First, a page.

How it began….
I’ve been hooked on family history since I was 13 when we were set a school project to research our family history. I won the prize (thanks Mrs Beale) which was a Mars bar and a packet of ready salted crisps – seriously guys, back in 1985 this was a big deal!
My curiosity about my ancestors was hugely piqued by my paternal grandfather, pictured above with my lovely grandmother. I called him up that evening and asked him what he knew about our family, where they had come from. He promised he would post me a note through my letterbox on his way to work the next day with whatever he knew about them. Lo and behold at 7.30am the next morning, there was an envelope on the doormat. Although the envelope had no contents, it had been sealed and there was some handwritten notes on the outside telling me that I had an ancestor who shared my own father’s name but that this ancestor had been born exactly 100 years before my father. This blew my tiny mind. How could this be? What an absolutely amazingly awesome coincidence! Those four words written on that envelope had opened up a plethora of questions for me. Who was he? What did he do? Was he famous? Is this the reason why my dad was called what he was? What about his wife? His family? Where did he live? What kind of house? I made a pinky-promise to myself to go and find out how to find out about this elusive and mysterious ancestor of mine who had shared my father’s full name exactly one hundred years previously.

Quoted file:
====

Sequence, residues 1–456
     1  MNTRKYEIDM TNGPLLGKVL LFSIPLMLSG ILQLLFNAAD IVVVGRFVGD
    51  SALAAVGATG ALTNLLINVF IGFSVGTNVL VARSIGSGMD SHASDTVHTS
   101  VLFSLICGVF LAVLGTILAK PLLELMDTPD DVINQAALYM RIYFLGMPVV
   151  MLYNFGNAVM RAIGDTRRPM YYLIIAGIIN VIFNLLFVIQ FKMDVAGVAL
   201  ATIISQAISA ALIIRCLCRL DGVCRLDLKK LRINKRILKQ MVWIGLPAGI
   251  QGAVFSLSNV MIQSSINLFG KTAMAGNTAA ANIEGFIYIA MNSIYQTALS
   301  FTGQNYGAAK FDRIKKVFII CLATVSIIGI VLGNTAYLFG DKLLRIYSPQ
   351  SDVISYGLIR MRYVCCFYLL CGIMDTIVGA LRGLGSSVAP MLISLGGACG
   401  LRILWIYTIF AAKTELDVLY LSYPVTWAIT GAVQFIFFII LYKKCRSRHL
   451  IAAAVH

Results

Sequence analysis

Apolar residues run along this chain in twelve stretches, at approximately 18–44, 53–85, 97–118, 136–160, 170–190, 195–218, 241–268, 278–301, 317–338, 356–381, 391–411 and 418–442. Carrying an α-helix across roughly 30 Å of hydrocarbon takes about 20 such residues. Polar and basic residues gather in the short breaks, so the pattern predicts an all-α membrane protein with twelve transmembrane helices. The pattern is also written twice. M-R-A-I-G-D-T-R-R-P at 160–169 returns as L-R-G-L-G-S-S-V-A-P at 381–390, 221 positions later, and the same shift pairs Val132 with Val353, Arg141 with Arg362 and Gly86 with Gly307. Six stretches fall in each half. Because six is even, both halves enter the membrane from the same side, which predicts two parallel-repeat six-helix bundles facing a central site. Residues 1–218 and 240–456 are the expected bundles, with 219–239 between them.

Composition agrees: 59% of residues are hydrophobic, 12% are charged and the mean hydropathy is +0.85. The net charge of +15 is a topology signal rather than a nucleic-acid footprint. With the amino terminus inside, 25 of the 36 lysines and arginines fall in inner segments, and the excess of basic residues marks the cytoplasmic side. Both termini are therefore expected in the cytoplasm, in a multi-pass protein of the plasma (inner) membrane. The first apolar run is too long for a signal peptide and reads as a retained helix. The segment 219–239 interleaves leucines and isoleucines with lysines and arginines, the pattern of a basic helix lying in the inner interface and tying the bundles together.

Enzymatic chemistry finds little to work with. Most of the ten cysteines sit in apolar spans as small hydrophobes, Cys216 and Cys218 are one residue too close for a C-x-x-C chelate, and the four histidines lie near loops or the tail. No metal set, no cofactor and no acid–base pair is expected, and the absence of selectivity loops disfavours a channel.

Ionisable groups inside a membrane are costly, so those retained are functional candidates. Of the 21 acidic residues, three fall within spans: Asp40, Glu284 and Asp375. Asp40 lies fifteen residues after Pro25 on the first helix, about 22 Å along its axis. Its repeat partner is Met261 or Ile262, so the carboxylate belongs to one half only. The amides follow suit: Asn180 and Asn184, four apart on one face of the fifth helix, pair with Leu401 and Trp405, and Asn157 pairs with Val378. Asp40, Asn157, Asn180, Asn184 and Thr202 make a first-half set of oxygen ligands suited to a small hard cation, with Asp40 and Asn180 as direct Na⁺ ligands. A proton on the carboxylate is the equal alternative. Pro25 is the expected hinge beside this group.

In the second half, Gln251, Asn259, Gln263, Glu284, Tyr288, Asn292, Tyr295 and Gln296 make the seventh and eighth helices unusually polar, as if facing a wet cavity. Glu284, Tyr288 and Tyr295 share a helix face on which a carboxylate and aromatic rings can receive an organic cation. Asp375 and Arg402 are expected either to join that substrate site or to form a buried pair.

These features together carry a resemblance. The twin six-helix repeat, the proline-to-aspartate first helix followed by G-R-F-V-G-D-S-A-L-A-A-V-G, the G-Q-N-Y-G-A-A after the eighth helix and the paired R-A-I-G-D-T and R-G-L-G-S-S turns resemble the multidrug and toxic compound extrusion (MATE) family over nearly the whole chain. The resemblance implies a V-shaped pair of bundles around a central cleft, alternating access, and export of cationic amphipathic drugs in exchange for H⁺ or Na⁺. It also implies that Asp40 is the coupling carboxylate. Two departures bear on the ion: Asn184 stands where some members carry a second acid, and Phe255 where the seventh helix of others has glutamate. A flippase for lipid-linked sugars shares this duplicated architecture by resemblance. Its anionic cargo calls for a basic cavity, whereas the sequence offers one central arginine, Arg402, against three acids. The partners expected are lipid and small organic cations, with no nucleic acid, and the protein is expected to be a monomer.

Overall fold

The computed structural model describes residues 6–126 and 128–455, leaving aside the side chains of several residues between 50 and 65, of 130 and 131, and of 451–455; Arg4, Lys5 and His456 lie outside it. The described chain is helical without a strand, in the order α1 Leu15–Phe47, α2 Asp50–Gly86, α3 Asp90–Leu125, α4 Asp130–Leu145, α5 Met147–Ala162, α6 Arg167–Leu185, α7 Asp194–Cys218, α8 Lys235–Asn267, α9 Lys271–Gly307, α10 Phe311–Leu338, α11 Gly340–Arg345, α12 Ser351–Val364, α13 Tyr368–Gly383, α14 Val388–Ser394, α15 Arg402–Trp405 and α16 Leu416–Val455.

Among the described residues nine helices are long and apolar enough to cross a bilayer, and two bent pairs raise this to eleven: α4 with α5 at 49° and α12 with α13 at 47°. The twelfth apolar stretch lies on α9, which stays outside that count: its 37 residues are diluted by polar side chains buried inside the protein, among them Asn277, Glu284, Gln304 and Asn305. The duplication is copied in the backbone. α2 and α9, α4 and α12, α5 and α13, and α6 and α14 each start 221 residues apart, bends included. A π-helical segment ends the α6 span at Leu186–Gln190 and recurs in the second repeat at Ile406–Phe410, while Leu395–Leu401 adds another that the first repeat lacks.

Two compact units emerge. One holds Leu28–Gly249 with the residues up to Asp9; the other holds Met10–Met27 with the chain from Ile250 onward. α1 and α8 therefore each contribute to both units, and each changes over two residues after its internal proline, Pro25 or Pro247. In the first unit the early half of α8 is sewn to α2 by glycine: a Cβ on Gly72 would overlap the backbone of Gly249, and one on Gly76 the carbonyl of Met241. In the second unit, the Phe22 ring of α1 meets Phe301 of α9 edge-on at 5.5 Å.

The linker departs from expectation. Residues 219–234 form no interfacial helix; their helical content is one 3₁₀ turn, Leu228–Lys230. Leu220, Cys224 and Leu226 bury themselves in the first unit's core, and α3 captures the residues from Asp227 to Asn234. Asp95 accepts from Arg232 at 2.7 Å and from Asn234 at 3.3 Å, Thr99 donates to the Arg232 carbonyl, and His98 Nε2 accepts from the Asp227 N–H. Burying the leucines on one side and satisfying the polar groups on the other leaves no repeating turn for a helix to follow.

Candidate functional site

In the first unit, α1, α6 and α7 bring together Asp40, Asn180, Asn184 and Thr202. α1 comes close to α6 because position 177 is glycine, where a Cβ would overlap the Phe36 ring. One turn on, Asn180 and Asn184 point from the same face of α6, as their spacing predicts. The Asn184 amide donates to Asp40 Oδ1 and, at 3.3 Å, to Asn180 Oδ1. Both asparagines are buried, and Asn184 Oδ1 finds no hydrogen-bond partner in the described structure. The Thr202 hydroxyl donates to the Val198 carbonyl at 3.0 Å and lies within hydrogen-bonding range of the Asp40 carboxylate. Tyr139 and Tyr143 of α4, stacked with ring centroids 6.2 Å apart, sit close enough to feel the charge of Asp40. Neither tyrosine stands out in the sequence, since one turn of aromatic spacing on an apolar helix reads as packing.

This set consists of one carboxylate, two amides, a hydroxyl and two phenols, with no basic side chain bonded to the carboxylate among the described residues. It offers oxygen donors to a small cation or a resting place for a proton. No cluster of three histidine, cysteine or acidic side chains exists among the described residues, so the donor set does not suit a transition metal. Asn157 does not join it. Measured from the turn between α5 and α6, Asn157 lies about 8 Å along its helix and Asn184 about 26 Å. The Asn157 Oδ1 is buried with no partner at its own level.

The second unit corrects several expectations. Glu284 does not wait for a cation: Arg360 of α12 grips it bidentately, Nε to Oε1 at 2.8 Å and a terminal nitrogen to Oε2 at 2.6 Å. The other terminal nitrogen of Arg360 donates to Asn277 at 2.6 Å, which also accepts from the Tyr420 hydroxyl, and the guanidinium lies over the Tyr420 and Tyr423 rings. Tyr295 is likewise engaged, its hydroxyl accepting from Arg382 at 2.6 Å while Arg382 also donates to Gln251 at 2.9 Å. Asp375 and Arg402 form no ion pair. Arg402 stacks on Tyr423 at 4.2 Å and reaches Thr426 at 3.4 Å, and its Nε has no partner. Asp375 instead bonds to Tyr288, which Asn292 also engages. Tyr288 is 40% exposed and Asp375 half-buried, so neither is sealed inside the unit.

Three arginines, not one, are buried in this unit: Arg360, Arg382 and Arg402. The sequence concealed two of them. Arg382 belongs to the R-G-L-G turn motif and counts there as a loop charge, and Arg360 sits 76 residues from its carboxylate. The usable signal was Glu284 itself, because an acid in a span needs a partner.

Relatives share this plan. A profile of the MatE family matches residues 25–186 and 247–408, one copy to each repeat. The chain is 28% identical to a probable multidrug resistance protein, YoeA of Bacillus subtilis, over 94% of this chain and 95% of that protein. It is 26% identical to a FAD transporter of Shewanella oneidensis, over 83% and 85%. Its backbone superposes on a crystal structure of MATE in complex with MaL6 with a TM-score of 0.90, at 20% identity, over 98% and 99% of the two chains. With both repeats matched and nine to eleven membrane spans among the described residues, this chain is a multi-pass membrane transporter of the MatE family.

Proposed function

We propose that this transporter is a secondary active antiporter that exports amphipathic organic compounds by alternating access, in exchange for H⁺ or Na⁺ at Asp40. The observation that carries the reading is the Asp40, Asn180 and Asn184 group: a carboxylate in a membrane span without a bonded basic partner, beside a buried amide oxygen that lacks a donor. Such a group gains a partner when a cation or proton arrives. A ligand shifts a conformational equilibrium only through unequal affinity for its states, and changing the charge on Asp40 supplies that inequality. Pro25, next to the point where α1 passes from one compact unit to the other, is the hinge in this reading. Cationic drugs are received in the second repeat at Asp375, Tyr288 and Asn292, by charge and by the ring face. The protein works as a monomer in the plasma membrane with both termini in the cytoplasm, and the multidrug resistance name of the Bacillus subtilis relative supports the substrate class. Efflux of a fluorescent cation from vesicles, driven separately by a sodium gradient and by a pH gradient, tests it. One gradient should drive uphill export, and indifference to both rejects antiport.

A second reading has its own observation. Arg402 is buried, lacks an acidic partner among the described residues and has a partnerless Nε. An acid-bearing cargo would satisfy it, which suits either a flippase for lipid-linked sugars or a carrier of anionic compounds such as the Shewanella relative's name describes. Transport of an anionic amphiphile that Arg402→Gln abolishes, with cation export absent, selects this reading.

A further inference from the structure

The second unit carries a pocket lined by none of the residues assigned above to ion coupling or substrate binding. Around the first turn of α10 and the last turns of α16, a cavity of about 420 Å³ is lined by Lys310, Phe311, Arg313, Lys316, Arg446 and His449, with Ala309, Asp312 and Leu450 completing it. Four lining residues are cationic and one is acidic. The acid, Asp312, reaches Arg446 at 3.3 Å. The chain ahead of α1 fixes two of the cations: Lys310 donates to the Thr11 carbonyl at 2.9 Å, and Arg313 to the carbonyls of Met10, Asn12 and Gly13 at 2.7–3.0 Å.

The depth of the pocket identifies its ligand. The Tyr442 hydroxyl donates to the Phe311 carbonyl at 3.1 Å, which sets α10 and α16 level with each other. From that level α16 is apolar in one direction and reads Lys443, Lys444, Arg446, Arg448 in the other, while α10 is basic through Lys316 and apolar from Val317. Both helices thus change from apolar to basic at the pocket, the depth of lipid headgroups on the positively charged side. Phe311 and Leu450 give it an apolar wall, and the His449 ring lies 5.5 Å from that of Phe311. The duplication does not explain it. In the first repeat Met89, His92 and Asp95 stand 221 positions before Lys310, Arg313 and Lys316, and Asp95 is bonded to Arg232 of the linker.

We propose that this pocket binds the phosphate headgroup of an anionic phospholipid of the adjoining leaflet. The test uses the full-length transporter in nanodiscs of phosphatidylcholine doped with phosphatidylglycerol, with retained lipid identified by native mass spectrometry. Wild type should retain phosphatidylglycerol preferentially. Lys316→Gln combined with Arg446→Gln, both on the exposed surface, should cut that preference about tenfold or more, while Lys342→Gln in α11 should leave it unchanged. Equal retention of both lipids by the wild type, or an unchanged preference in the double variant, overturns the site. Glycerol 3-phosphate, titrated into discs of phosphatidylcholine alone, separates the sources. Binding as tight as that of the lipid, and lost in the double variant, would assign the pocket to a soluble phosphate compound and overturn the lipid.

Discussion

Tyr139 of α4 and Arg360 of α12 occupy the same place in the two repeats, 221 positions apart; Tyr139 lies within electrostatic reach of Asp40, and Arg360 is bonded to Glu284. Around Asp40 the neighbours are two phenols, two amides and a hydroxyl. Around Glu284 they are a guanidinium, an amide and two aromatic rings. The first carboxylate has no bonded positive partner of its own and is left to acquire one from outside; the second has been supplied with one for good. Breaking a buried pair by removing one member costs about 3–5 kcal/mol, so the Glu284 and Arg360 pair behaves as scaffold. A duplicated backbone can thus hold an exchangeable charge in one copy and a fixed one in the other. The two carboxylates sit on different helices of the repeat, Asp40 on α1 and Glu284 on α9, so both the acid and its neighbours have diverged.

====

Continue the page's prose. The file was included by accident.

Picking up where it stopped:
So off I trundled to the Central Library in Leeds. There was no internet back then, no online records and certainly no computers as we know them today. I spoke to a wonderful gentleman who kindly showed me the ropes of microfiche and we laughed when he asked me what surname I was researching. You’ll be very relieved it’s so close to the top of the alphabet, he said. I found out why when some microfiches ran from A-L and the only way to get to the next letter was to sit winding the fiche. Which I did, for hours on end, sometimes even days until I reached that magical aha moment when the much sought after birth, marriage, death or census record was right in front of my eyes. I would scribble the reference number down and run over to the Registrar’s Office across town to order the certificate. I will never forget how walking out of that place with the certificate in my hand, sitting down on the bench outside and seeing the details of my ancestors for the first time, their signatures, their addresses, their occupations and their relationships, it always felt like I had won a million pounds.
I did this in my spare time for a couple of years building up a lovely, heart-warming picture of my paternal ancestors through the first world war and back through the Victoria era. I discovered that Leeds was loyally placed in the centre of my ancestors’ hearts and we had not moved around much over the years. I painstakingly reached as far back as the 1851 census keeping the thought of Mr Baldwin the First fresh in my mind, all the while becoming more and more excited about finally discovering him.
It took me around 5 years of on and off research (by this time I had left school and college and was making my way in the world of work) when it finally dawned on me that my lovely grandad had indeed played a trick on me. There was no Mr Baldwin the First – no matter how hard I looked or how hard I thought out of the box, he just didn’t exist. I could hardly believe it but it didn’t really matter by that point as I was hooked on genealogy and it’s been a lifelong passion of mine ever since. My grandfather died just five years later. I can’t say for certain whether or not I would have started that journey without sight of that envelope on the doormat but I’m very grateful for it.
Thank you, Grandad. Your legacy lives on.